What is a cover letter, exactly? And why do you need one? The cover letter is their first opportunity to get a glimpse of a candidate outside of the clinical CV. Cover letters are your first opportunity to show that you are enthusiastic about the position and the company. It provides the personal touch that a CV will not, expressing thought and intention. Write a cover letter that is strong and error-free to give yourself the edge every candidate needs to get that interview.
Length of your cover letter
There is no reason for a cover letter to be longer than a single page. For many hiring managers, the shorter the better. There may be unique circumstances where this rule could be broken. But unless you’re applying for CEO of a Fortune 500 company or looking to head a hospital, stick to one page.
Writing a cover letter
The standard format for a cover letter is this:
- An introduction that tells the reader why you’re writing—in this case, because you are interested in an open position that piqued your interest. Briefly detail why you believe the position is a good fit.
- The next section should highlight a few background details. Avoid repeating what’s in the CV. Instead, discuss one or two projects the hiring managers might find relevant. These should be projects that showed measurable results—i.e., you helped cut costs or initiated a new computer system.
- The cover letter should close out with a request for an interview. Quickly repeat that you’re interested in the position. In fact, you should mention the position title two to three times throughout the letter.
Including keywords and phrases
Cover letter examples you find online are typically vague, but when you’re writing a cover letter, it needs to be created explicitly for the position in question. Hiring managers do not take kindly to generic cover letters. You can certainly use the same cover letter, but it should be tailored for each submission.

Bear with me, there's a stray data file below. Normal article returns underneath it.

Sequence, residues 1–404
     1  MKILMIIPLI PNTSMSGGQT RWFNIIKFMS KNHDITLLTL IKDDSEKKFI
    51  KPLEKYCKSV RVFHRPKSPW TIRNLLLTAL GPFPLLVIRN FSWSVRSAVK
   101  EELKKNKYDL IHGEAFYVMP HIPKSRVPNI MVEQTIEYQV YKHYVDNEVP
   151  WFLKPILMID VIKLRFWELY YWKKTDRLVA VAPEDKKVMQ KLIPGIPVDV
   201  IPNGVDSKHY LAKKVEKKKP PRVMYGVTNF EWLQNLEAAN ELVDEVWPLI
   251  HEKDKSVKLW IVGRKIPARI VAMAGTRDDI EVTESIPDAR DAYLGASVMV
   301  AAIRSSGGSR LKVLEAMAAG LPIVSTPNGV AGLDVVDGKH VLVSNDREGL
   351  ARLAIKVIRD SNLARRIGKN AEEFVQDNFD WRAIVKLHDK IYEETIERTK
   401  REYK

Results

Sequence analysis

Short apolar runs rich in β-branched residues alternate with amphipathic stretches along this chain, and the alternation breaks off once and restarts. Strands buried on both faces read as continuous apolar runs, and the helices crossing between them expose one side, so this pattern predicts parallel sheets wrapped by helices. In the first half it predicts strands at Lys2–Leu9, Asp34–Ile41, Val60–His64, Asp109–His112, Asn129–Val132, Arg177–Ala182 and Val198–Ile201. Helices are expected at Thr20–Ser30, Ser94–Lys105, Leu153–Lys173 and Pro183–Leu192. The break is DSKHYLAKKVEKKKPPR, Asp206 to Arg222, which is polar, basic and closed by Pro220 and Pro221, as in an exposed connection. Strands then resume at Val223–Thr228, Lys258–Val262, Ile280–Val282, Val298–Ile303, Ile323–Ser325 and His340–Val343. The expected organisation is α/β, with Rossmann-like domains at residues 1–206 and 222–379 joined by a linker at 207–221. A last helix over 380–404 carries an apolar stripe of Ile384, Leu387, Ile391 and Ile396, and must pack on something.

Carefully review the job description, finding words and phrases you can use. If the description says Support Center Rep, don’t use Call Center Rep in either the cover letter or CV. If they use industry-specific terminology, find a way to use it in your cover letter. The goal is to not make yourself the perfect candidate, it’s to make yourself the only candidate with all the right qualifications.
Email cover letter submissions
More and more candidates are submitting their credentials electronically. You can put the content of your cover letter directly into the body of an email. If you want to retain the nice formatting you get in your word processor, attach it and make a brief note that you’re applying for the advertised position and your CV and cover letter are attached. Do not leave the email body blank, otherwise you risk hiring managers deleting your submission without giving it a close look.
Make sure your cover letter makes it clear why the hiring manager should see you. Be relatable, formal but conversational, and educate the reader as to why they cannot afford to not meet with you. Whether they read the cover letter before or after reviewing your CV, the cover letter is going to be instrumental in getting the interview.
Don’t be one of those candidates that believes cover letters are a thing of the past. Hiring managers still take them seriously. Following these tips for writing a cover letter will help you develop one that is correctly structured, phrased and submitted so that you have a better chance of getting an interview and landing the job of your dreams.